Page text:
That sounds a lot like modern therapy (and pharmaceuticals). But they didn’t exist then, and when the Doctor tells Macbeth that in such cases the person has to cure himself, Macbeth responds, “Throw physic to the dogs, I’ll none of it” (V.iii.49). As he arms himself, he moves from what he thought physic could do–help his wife–to what he must know it can’t–cleansing all of Scotland. He may be feeling old, he may be worried about his wife, but he still doesn’t see death in his future “Till Birnam Forest come to Dunsinane” (V.iii.62).

The fourth scene of the act takes us to that very forest, where Malcolm tells his army,

Let every soldier hew him down a bough
And bear ’t before him. Thereby shall we shadow
The numbers of our host and make discovery
Err in report of us.
  • V.iv.4-7

It’s a brilliant military tactic. And we know where this is going. With the Scottish and English forces as they march toward Macbeth’s castle at Dunsinane.

Act Five, Scene Five takes us back inside the castle, where Macbeth is confident. Even if he cannot beat their army, his castle can “laugh a siege to scorn” (V.v.3). There is the cry of women, and Macbeth talks about how earlier in his life he would been afraid of such noises (personally, I’m remembering his freak-out at the knocking back in Act Two). Nothing bothers him now. But then he learns what the cry was about: Lady Macbeth is dead.

Macbeth ponders life, living, and its meaning(lessness). But even that is interrupted by a messenger who “know[s] not how to” (V.v.32) report what he’s seen: “Birnam … wood began to move” (V.v.34, 35). Macbeth threatens to hang the messenger if he’s wrong, but says he doesn’t care if the messenger does the same to him if the report is true. Recounting the witches’ warning, he abandons thought of a prolonged siege, and calls for taking the battle to the opposing forces: “At least we’ll die with harness on our back” (V.v.52). This is NOT a brilliant military tactic.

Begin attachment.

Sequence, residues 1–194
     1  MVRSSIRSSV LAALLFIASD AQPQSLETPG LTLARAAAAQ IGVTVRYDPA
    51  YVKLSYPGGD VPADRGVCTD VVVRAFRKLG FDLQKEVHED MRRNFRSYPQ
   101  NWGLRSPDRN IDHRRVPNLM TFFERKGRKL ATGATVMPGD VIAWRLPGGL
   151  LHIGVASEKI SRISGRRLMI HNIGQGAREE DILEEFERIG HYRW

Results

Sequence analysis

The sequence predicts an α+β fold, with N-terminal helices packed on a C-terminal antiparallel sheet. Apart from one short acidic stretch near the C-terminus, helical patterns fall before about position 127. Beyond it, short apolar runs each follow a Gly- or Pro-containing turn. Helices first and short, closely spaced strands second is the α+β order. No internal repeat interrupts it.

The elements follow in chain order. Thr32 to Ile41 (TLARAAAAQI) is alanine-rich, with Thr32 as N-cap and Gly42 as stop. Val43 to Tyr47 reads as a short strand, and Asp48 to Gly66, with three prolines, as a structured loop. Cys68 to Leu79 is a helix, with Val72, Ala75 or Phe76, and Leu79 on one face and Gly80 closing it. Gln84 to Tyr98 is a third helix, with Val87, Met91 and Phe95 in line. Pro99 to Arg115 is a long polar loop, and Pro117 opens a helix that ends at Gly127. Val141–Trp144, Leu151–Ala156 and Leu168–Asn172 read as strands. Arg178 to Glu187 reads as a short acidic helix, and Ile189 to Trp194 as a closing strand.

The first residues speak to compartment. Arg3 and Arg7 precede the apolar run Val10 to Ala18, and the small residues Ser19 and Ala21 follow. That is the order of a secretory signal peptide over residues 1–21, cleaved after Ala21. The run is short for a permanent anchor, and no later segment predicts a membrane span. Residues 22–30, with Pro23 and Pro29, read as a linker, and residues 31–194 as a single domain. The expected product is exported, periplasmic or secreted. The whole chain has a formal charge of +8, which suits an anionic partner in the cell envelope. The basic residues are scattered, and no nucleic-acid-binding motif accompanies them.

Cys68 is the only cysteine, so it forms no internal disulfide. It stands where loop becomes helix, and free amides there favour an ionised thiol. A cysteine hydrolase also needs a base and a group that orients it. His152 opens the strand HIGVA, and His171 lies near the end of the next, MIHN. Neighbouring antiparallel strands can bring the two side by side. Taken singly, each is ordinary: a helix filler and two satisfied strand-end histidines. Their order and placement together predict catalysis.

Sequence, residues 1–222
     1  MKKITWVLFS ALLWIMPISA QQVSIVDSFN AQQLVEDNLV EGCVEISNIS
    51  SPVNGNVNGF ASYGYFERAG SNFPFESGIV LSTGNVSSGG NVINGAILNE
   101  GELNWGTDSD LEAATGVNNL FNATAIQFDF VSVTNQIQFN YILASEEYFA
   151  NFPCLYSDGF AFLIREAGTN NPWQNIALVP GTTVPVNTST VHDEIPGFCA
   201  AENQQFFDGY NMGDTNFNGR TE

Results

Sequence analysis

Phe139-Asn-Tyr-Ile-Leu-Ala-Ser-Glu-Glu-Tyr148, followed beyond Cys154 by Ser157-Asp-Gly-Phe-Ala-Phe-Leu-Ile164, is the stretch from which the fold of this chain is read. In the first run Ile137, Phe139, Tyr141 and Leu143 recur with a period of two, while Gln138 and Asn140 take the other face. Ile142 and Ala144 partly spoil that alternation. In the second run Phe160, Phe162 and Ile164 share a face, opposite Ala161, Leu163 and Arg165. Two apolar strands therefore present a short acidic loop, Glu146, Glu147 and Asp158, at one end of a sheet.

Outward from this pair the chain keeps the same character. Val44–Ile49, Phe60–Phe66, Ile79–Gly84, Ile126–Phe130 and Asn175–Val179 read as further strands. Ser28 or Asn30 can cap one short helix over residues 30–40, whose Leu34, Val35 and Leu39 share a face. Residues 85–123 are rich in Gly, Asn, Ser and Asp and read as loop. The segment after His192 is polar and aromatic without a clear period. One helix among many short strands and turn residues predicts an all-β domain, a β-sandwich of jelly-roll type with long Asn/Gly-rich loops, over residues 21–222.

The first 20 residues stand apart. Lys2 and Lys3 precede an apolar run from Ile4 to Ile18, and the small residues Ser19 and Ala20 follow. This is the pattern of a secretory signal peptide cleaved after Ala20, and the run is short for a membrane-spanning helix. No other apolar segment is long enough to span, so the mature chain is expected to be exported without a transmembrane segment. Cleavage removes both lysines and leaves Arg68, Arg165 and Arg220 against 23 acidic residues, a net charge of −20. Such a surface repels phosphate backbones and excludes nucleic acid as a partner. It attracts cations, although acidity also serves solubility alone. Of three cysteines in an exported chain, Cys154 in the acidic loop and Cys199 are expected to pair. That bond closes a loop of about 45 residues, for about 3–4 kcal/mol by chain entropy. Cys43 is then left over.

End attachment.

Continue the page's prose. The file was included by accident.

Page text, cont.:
In the incredibly short Act Five, Scene Six, those opposing forces arrive at Dunsinane, and throw down their “leafy screens” ( The trumpets sound and the battle is on.

The seventh scene takes us to the battle already in progress. Macbeth enters, feeling “bearlike” (V.vii.2), but not in a good I’m-strong kind of way, but in the I’m-tied-to-a-stake-in-a-bear-baiting-pit kind of way. The son of Siward (Lord of Northumberland) enters, they fight, and Macbeth slays Young Siward. “Thou wast born of woman” (V.vii.11), Macbeth says before leaving the stage. One Mac leaves, another Mac enters. Macduff is looking for revenge, hoping not to find a dead Macbeth, fearing “if [Macbeth] beest slain…{Macduff’s] wife and children’s ghosts will haunt [him] still” (V.vii.15, 16). He exits and Malcolm and Siward enter. We learn that the castle has surrendered, and some of Macbeth’s forces have switched sides.

The eighth and final scene of the act (and thus the last of the play) is still on the battlefield and we get the showdown we’ve been waiting for: a little Mac-on-Mac violence. They fight and Macbeth tells Macduff that the thane cannot win: “Let fall thy blade on vulnerable crests. // I bear a charmed life, which must not yield // To one of woman born” (V.viii.11-13). Macduff informs the king that he “was from his mother’s womb // Untimely ripped” (V.viii.15-6). Never has the news of a Cesarean birth had a greater impact.

Macbeth at first refuses to fight Macduff, but when Macduff calls him a “coward” (V.viii.23), Macbeth decides to fight rather than kneel before Malcolm. Fight they do, and Macbeth is slain. Macduff drags off Macbeth’s body. Malcolm, Ross, Siward, and assorted thanes re-enter. Siward learns of his son’s death, and instead of feeling sorrow, he feels only pride. Macduff re-enters, too, now with only part of Macbeth–his head. They all hail Malcolm, the new king of Scotland.

End of play.

Now, my wife and I are digging the soundtrack to Lin-Manuel Miranda’s Pulitzer Prize winning musical Hamilton. One of the recurring themes of that play is “You have no control // Who lives // Who dies // Who tells your story…

Macduff, Malcolm, and Fleance live.

Lord and Lady Macbeth are dead, and are reduced “this dead butcher and his fiendlike queen” (V.viii.69).

Who tells your story indeed…

[by the way, the title of today’s entry is a tribute to the GOAT who passed last weekend…]